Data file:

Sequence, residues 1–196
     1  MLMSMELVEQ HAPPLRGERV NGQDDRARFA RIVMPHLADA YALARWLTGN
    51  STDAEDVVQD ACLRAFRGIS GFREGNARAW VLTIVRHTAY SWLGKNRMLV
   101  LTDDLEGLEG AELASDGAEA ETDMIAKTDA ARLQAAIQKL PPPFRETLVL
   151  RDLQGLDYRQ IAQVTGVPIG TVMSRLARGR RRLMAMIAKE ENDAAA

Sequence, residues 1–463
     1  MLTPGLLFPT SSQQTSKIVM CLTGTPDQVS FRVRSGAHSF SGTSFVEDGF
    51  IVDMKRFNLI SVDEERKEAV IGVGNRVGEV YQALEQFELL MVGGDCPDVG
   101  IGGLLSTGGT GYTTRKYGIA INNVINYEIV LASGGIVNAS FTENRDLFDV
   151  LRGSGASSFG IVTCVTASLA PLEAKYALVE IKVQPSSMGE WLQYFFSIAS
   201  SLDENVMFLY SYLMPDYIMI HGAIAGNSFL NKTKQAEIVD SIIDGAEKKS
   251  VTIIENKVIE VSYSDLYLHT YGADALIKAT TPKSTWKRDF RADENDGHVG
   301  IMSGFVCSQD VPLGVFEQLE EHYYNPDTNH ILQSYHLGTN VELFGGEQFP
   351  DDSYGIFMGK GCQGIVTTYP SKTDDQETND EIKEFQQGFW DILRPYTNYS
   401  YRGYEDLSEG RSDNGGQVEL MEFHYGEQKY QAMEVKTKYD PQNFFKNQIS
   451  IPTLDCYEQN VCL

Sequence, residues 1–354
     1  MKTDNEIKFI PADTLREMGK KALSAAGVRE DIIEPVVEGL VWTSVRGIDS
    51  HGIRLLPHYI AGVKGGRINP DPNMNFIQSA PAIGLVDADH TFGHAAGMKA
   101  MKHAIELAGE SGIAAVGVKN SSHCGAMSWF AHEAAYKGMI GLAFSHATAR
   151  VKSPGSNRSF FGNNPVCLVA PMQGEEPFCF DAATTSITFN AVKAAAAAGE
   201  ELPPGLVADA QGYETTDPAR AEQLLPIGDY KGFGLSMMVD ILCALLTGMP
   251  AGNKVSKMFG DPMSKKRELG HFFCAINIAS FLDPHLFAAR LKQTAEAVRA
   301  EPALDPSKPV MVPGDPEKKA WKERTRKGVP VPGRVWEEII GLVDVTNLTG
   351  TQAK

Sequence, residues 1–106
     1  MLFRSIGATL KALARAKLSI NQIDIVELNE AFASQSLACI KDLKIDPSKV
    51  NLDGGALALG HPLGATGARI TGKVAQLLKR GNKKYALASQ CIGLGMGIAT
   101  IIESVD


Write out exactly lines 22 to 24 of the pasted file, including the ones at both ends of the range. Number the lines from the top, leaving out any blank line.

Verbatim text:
   201  ELPPGLVADA QGYETTDPAR AEQLLPIGDY KGFGLSMMVD ILCALLTGMP
   251  AGNKVSKMFG DPMSKKRELG HFFCAINIAS FLDPHLFAAR LKQTAEAVRA
   301  EPALDPSKPV MVPGDPEKKA WKERTRKGVP VPGRVWEEII GLVDVTNLTG